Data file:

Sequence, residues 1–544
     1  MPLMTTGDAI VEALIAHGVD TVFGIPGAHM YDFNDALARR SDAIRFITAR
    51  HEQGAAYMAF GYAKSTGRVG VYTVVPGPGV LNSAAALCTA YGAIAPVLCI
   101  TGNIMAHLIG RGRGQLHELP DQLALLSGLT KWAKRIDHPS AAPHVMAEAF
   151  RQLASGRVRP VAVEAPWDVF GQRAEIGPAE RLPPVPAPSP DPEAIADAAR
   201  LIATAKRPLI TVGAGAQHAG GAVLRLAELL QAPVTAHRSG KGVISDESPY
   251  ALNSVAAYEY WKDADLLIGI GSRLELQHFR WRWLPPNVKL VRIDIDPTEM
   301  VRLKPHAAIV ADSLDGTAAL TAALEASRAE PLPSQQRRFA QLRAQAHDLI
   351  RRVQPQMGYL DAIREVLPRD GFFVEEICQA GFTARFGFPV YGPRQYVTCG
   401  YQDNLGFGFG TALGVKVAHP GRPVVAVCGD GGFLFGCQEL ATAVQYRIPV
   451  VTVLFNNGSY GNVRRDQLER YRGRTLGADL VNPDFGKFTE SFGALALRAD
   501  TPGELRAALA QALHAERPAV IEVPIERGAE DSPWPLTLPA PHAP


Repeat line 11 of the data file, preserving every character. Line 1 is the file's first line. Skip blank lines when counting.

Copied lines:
   451  VTVLFNNGSY GNVRRDQLER YRGRTLGADL VNPDFGKFTE SFGALALRAD